Class Field Trip

By Tim Nichols

We rolled out of beds and into our seats as the bus pulled away, hours before the sun thought about coming out. Our destination a mere 14 hours away, we cozied up with our neighbor and hunkered down for the Scandinavian sightseeing window tour. 18 hours later, we u-turned our coach into our parking spot and unloaded into Brussels. As if in some sort of time warp, the seventy-five travelers exited the wormhole from a side door and dropped our bags in our hostel rooms. We had arrived early enough to take a couple of hours to explore the essentials of Brussels; the architecture, the chocolate and the beer.

In the morning, the crew gathered and paraded across the city to our first stop, the European Parliament. Well-known Swedish Member of European Parliament and friend of the MSLS programme, Anders Wijkman, took time out of a busy schedule to give us an introduction to the challenges of integrating environmental considerations into EU policy.

Later in the morning, we eaves-dropped on the Parliament’s temporary committee on climate change as they discussed future policy options for the European Union. After lunch we proceeded to the European Commission where we received two interesting presentations, the first on the history of the EU and the second on the work within the EU Directorate-General for the Environment.

Next stop, a sleepy German village where we could rest our heads. Despite being in the middle of nowhere, the group found ways of entertaining ourselves well into the night and we left the next morning more cohesive than ever before, bound for the pinnacle of the excursion.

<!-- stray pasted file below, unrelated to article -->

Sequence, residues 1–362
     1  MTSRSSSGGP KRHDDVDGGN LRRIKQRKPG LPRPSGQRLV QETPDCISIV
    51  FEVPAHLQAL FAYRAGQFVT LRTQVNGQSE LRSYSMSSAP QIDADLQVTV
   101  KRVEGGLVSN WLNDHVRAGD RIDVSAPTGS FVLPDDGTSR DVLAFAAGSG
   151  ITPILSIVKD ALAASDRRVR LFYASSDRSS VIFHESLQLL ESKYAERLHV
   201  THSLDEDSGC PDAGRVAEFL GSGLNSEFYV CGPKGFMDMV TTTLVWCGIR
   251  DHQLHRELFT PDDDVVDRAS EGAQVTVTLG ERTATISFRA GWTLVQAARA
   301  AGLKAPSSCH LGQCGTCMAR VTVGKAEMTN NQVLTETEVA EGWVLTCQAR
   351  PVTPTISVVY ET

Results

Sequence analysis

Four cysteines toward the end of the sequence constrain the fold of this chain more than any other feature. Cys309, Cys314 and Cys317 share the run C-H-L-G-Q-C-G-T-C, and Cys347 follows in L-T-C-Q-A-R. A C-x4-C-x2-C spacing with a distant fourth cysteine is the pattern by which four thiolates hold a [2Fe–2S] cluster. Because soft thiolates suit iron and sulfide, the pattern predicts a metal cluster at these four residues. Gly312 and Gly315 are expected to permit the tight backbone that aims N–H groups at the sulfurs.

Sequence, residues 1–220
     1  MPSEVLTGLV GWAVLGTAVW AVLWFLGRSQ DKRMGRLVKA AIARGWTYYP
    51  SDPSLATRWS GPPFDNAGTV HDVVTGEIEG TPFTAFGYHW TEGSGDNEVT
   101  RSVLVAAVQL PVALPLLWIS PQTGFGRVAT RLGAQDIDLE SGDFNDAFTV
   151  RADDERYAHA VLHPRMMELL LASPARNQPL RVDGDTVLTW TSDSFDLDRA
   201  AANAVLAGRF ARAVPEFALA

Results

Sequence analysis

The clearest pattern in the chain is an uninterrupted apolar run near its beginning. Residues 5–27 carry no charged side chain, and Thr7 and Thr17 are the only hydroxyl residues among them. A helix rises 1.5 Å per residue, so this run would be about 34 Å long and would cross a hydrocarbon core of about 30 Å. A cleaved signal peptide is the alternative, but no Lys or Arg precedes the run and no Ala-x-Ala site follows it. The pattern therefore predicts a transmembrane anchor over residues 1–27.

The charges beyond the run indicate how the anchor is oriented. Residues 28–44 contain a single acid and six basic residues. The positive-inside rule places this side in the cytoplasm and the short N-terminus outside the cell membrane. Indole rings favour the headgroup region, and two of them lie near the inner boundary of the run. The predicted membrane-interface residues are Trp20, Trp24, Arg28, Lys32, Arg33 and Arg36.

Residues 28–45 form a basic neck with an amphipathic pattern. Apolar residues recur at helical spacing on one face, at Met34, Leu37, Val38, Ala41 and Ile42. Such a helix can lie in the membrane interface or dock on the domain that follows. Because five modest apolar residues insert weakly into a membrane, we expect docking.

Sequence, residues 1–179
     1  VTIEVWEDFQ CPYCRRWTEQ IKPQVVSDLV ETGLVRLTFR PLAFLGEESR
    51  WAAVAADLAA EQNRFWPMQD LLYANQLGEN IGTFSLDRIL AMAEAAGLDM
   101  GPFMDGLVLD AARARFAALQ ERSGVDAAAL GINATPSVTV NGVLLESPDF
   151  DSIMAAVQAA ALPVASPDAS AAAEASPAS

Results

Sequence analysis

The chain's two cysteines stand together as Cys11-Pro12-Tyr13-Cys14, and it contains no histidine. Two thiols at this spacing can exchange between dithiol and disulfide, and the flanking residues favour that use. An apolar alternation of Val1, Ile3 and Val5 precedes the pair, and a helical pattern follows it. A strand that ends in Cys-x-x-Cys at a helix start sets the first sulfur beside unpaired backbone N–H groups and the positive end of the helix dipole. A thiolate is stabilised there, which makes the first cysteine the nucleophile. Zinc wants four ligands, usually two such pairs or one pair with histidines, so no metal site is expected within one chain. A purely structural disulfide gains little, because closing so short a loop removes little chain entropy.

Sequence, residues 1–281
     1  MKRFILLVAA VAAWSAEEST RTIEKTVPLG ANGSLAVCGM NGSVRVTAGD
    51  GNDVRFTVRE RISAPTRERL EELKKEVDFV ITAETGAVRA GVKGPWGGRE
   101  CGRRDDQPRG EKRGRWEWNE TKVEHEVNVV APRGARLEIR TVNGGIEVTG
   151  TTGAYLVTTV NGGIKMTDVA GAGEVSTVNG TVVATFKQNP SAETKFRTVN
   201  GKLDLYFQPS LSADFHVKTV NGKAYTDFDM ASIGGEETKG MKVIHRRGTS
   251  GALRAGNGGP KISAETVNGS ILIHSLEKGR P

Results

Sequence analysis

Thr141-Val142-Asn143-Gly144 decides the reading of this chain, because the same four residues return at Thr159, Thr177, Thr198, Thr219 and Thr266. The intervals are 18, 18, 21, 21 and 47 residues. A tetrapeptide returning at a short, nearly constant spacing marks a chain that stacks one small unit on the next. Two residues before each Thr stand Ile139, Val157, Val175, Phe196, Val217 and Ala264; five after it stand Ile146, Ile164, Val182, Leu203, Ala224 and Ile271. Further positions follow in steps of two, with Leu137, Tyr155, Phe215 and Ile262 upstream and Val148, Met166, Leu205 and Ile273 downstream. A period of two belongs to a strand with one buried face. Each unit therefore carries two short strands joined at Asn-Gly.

The bus pulled into a Luxembourgish industrial complex shortly after noon. ALL WE NEED, stenciled in large block letters on the side of the run-down former steel refinery, welcomed us. The large open facility echoed our amazement as we wound our way through a conceptualized exploration of fundamental human needs.

Based on the work of Chilean economist and Right Livelihood Award laureate Manfred Max-Neef, the exhibit was comprised of ten rooms: Relax (Idleness); Survive (Subsistence); Choose (Freedom); Love (Affection); Help (Protection); Belong (Identity); Understand (Understanding); Create (Creativity); Dream (Transcendence); and Stand Up (Participation). By the end of our 3 hour journey through the exhibit, our synapses flooded with beautiful sad reality, we found ourselves deeply moved, saddened, awoken, shocked and motivated. We shared our emotions and reflections on the experience in a class workshop onsite, then clambered back into our vessel and drifted on to the last destination of our trip.

In Amsterdam, we had our schedule loosed and we were free to expand our minds by exploring the city. The next day we split into two groups to meet with like-minded groups working for social change. The Kaos Pilots, a school aiming to 'train change agents and creative entrepreneurs', welcomed us and some exciting ‘Kaos’ ensued. Later, a personal contact within the group alerted us to an exciting venture unfolding just up the street and a spontaneous meeting took place at The Hub - a collaborative space intended for social, sustainable innovation. Meanwhile a fruitful meeting with the Fairfood Initiative allowed MSLS students to offer some sustainability techniques that could be incorporated into their cause. And with that the seeds of future collaboration were sown.

That evening, back on the bus, we retreated into our nests and prepared for the long bus ride home. The whirlwind tour of the European lowlands (4 countries in 6 days) left us back in the place where we started. Our minds both enlightened and exhausted, we settled on the bus with our thoughts and reflected on the experience.


This page featured in the Fall 2007 issue of our newsletter. To download the full newsletter click here.


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